Monthly Archives: July 2009

Measuring the Benefits of Environmental Enforcement: Moving From Dollars To Sense

I assume that environmental agencies’ focus on the annual dollar total of enforcement fines and penalties drives my clients as crazy as it does me. After all, the correlation between such figures and any environmental outcomes is pretty limited. Indeed, less enforcement may mean more compliance rather than more undetected violations.

It thus comes as at least limited good news from Inside EPA that EPA is looking at ways to measure the impact of enforcement efforts other than by measuring the amount of fines and penalties. Instead,… More

EPA Might Require More Airborne Lead Sampling

EPA announced this week that it was granting a petition for reconsideration of the final National Ambient Air Quality Standards for lead, specifically the portion requiring monitoring of lead emissions near certain sources. The petition was brought in January by a number of environmental organizations and groups concerned about childhood lead poisoning.

The existing lead monitoring requirements were finalized in October 2008, at the same time that EPA tightened the national air quality standards for lead for the first time in 30 years.… More

Senate Energy and Climate Change Legislation: Perhaps a Floor Vote by October

Comprehensive Energy and Climate legislation is moving along through the Senate, and could come to a floor vote by October. Six Senate committees – Agriculture, Commerce, Energy & Natural Resources, Environment & Public Works, Finance and Foreign Relations — have jurisdiction over portions of the bill, a tactic that Senate leadership hopes will give a number of influential, but as yet undecided, Senators input and a stake in the bill’s passage.… More

New York Joins the Bandwagon: Incorporating GHG Analysis Into Reviews of New Project Development

As most readers know, Massachusetts and California have been leading the pack in requiring analysis of greenhouse gas impacts in connection with reviews of new development. Now, New York State is catching up. This week, the Department of Environmental Conservation, or DEC, released its Policy on Assessing Energy Use and Greenhouse Gas Emissions in Environmental Impact Statements. The policy is certainly similar to the Massachusetts Greenhouse Gas Emissions Policy and Protocol. Nonetheless,… More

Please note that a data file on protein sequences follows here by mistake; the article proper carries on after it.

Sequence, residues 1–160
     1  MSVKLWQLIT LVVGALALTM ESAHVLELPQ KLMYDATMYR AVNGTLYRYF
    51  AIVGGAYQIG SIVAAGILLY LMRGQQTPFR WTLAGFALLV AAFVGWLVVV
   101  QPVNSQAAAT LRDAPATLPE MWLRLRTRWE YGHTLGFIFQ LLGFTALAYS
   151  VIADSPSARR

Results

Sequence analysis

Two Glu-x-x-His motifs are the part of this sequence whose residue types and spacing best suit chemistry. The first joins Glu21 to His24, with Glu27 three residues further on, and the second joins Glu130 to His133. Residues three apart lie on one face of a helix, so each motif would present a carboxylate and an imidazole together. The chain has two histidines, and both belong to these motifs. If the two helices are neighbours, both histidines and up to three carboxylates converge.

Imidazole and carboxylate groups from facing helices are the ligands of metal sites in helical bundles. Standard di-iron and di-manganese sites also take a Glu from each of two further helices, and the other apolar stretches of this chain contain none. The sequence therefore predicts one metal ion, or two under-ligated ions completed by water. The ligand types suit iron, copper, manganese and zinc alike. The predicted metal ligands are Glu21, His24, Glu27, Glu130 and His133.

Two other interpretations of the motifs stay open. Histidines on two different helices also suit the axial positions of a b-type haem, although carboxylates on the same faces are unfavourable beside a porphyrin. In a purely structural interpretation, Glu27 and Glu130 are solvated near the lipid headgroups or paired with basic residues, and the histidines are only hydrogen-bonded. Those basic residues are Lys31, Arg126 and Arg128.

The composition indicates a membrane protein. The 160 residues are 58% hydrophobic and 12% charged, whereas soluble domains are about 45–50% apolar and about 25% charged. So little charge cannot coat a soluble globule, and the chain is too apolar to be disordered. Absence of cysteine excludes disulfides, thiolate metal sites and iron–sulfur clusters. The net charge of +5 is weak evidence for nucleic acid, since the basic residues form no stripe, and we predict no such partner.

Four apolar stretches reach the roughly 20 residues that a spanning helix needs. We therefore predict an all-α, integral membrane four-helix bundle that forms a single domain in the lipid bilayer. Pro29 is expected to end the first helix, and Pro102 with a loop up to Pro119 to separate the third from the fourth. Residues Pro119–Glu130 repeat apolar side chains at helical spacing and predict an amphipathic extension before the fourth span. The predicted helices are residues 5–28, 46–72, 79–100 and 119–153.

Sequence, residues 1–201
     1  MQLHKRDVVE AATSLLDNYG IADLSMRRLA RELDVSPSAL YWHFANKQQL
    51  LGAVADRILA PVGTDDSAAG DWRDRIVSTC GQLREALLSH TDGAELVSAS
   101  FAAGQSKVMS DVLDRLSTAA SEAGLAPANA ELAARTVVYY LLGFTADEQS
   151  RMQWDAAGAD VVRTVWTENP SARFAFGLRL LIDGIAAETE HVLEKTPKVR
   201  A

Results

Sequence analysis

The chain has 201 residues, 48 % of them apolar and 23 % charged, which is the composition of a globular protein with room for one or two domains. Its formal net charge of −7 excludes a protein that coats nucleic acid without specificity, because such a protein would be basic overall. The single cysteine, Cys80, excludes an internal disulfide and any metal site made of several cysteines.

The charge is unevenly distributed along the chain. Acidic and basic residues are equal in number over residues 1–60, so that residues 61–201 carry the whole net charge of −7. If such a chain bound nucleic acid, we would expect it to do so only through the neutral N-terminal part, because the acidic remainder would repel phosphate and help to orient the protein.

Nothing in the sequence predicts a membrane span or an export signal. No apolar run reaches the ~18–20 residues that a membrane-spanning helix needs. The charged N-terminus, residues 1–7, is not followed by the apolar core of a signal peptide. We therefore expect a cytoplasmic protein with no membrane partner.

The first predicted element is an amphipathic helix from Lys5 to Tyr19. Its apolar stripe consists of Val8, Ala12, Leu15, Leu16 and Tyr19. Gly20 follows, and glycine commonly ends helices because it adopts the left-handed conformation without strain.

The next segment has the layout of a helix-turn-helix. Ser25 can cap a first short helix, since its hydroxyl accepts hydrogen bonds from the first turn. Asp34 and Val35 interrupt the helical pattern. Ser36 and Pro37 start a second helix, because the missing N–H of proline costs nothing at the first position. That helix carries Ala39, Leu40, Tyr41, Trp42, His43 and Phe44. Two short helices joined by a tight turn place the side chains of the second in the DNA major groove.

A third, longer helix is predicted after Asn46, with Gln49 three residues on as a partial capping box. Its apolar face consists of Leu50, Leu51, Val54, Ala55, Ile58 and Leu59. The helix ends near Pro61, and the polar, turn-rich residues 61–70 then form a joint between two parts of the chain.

Nanotechnology and Site Remediation: Is the Promise Beginning to Come to Fruition?

As a confirmed optimist and believer in technology, I’ve long thought that we can meet the challenge posed by global climate change – as long as we implement the right policies to provide incentives to develop the necessary technologies. Having the wide engineering knowledge that being a lawyer – as well as one of six political science graduates from MIT my year – provides, I have assumed that nanotechnology would play a substantial part in whatever the ultimate solution turns out to be.… More

D.C. Circuit Remands Phase 2 Ozone Rule: Another Defeat for Cap and Trade Programs

Last Friday, in NRDC v. EPA, the Court of Appeals for the D.C. Circuit struck down parts of EPA’s Phase 2 rule for achieving compliance with the ozone NAAQS. The most important part of the ruling was the Court’s conclusion that EPA could not rely on compliance with the NOx SIP Call to satisfy the requirement that sources in an ozone nonattainment area demonstrate achievement of reasonably available control technology,… More

Is CO2 a Regulated Pollutant Under the Clean Air Act? Not Yet, At Least in Georgia

Earlier this week, the Georgia Court of Appeals reversed a decision of the Superior Court in Georgia that would have required Longleaf Energy Associates, developer of a coal-fired power plant, to perform a BACT analysis of CO2 emissions control technologies in order to obtain an air quality permit for construction of the plant. The case is a reprise of the Deseret Power case regarding a coal-fired plant in Utah.… More

House Energy & Climate Bill: The Renewable Electricity Standard

Congress moved one step closer to adopting a federal renewable electricity standard ("RES") with the narrow passage of the American Clean Energy and Security Act by the House.  Twenty-nine states already have adopted some form of renewable energy portfolio standard, but a federal RES is widely thought to be important for creating a national renewable energy and energy efficiency market.  The House RES establishes a national compliance obligation overseen by the Federal Energy Regulatory Commission (“FERC”) under which large retail electricity suppliers (“Suppliers”) are required to invest in renewable energy and energy efficiency.… More

Massachusetts Finalizes Global Warming Solutions Act Reporting Regulations

The Massachusetts Department of Environmental Protection (DEP) yesterday published a final amendment to the first set of Global Warming Solutions Act regulations, 310 CMR 7.71.  These regulations set a baseline for Massachusetts’ 1990 emissions and create a reporting system that will track emissions going forward, providing a framework for economy-wide reductions of 10% to 25% by 2020 and 80% by 2050.  The regulations are the first phase of implementation of the Global Warming Solutions Act,… More